LAST night I dreamed again of Dana, and I write it out to rid me of it. It was a composite dream, and worse than any. There was the log and the swamp, the seven cypresses and the yucca, and the viper; the coil, the spring, and the fall; and there were the bars of crosses, and the dungeon, and his uplifted hand with the wedding-ring. And there was always his dark, offended face.

Then he came home, in the dream, and he was--as he used to be before he went away; and he spoke and he did--as he used to speak and do. And, oh, it all happened all over again! My husband was not kind to me- he was not kind!

Sunday.

I WENT to church to-day with Marion. They sang: "As it was in the beginning, is now, and ever shall be."...What if, when he comes back, it should be just the same? Will the ice in his nature solidify? Or the fire of it melt? It is a war of the elements. It is a strange thing when a wife must say: "I know no more than any other woman, any chance acquaintance, what my husband will do, how his character will express itself."


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September the tenth.

AND yet we are very happy. It is as if the bow of pain had bent, and the arrow of joy were flying to its mark. We live in a kind of exaltation. I can see my excitement reflected in every face--Mercibel's, Marion's, Ellen's, and, most sensitively of all, in Job's; more unerringly than any person, Job knows when I am glad or sad.

The doctor's sympathy is a fact by itself, something apart from that of other friends. It is like the atmosphere, or the law of gravitation. I breathe it, and I stand upon it. What was I writing the other day about elements? There is elemental peace as well as elemental war.

I am young and well (as women go), and I inherit physical health, but I think, as I look back on the closing record of this year, that if it had not been for Robert I might have died.

I told him so this evening.

"Do not overestimate that," he said quickly. We were sitting on the piazza, for there is a warm starlight, and he had come over to see if I had heard any news from Dana.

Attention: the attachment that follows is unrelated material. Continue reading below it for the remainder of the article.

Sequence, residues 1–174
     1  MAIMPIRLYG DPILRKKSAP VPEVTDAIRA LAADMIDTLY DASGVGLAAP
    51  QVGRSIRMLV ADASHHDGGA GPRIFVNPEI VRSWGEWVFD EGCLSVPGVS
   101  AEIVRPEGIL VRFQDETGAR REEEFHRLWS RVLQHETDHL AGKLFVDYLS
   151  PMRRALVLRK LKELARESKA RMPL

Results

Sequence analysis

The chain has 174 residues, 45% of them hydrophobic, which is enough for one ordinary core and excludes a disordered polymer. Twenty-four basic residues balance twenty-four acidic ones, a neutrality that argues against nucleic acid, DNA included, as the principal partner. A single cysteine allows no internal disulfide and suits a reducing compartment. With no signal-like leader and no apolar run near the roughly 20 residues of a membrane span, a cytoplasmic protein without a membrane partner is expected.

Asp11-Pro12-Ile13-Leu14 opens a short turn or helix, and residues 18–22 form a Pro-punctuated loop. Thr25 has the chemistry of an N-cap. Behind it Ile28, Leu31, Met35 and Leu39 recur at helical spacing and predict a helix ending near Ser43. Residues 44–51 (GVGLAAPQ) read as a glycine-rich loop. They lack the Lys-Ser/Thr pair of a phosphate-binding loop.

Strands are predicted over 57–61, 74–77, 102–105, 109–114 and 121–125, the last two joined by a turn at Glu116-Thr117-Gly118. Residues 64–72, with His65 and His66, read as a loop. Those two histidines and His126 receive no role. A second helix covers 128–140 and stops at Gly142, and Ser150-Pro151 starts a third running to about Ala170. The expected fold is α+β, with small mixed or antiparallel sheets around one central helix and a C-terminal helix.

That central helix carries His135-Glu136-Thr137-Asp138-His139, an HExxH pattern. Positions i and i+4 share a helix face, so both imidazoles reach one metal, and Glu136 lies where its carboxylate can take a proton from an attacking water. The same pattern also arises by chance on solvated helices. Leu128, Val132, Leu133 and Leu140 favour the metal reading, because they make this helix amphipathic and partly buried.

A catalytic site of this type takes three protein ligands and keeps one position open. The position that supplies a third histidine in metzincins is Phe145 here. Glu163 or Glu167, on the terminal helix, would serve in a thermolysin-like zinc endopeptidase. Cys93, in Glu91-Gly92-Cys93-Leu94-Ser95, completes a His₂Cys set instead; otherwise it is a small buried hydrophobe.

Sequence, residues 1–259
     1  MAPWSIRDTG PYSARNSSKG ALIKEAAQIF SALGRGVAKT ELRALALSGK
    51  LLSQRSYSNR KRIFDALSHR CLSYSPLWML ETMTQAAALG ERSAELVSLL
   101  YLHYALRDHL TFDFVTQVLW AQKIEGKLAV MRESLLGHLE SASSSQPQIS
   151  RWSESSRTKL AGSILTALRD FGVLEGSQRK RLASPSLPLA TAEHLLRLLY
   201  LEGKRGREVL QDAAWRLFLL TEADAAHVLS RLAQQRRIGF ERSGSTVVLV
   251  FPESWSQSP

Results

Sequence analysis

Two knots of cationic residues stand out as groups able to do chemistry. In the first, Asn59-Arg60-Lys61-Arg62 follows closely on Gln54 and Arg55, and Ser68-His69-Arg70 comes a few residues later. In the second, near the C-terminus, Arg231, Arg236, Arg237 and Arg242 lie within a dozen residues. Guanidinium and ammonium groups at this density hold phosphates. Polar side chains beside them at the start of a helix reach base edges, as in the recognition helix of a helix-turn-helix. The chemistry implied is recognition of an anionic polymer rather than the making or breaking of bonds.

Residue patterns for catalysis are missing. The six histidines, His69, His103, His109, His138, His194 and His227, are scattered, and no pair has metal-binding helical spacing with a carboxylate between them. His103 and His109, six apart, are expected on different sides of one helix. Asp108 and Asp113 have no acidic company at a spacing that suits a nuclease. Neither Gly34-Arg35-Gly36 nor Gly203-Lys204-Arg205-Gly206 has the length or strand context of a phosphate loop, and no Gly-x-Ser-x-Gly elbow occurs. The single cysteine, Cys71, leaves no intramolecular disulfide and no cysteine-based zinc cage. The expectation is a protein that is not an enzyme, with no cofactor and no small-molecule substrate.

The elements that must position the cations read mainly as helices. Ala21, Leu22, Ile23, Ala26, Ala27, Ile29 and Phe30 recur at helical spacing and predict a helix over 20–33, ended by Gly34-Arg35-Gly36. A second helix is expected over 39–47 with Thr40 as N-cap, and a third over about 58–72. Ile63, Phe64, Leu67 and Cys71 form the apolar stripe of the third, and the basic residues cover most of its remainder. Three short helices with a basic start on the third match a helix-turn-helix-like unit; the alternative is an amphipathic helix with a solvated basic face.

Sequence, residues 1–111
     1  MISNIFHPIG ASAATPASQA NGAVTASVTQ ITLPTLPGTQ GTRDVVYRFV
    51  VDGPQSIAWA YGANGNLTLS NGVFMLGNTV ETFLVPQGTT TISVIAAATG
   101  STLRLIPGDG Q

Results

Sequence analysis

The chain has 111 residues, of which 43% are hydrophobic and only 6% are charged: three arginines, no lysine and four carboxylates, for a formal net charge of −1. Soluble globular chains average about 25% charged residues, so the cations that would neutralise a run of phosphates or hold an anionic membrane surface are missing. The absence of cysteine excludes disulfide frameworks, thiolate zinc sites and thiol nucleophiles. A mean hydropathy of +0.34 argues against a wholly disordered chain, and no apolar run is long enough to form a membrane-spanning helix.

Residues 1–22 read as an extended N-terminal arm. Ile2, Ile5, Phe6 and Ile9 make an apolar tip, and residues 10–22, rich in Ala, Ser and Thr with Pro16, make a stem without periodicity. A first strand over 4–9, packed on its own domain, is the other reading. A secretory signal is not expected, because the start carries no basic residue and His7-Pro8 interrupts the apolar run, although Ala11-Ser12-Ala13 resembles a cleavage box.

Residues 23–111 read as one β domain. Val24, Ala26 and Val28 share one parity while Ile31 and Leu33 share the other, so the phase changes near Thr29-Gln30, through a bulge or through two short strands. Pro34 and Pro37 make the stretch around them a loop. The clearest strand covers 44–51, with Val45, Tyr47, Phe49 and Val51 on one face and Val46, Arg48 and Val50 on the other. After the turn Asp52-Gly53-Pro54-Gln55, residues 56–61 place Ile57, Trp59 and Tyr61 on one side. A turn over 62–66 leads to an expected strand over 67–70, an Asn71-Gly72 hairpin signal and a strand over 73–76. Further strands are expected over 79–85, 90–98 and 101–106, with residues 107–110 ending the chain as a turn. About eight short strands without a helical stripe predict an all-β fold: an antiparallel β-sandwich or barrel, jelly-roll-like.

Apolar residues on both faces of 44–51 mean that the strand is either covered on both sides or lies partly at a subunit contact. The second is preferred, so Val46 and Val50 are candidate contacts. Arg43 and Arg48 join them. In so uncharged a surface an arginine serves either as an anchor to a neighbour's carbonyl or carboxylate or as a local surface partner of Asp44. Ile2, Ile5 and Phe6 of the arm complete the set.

"It would not be possible," I persisted, "to tell you, Robert, how I feel about what you have done for me--the kindness, the care, the trouble you have taken for us--the obligation--"


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Ellen, from the nursery above, where she was putting Marion to bed, began to sing shrilly:

His loving ki-i-ind-ness, oh, how great!
"Listen!" I said, laughing, and I held up my hand. It was my left hand, and the moon blazed upon my wedding-ring. I crossed my hands in my lap, and my betrothal ruby flared before my eyes and his, a gleam of crimson fire. The doctor did not speak, and I sat and watched the ruby--of all colors the glorious, the rapturous, burning deep down to the heart.

"It is chilly for you here," said the doctor. "You will come indoors." He did not speak quite naturally, though quietly and firmly, as he always does. He rose, and stood for me to pass in at the door.

"Aren't you coming in?" I cried. I felt disappointed; I am alone so much, and it is such a comfort to me to see my old friends--I have not too many. No; I will be quite candid: it is a comfort to me to see the doctor. How could I help that? How could I? If I ought, I would. And I should be willing to show him my whole heart and all that is therein, and I am sure he knows that, too. I have not a thought nor a feeling that I should be uncomfortable to


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have him see, and when Dana comes I shall tell them all to Dana-- every one.

"I don't think I will come in to-night," replied the doctor. "My patients--" He paused.

"How is the old lady " I demanded. "How many has she had to-day?"

"Only two. I should soon discharge her, but she doesn't want to go." He laughed....That laugh seemed to clear the air of I know not what, and I know not why.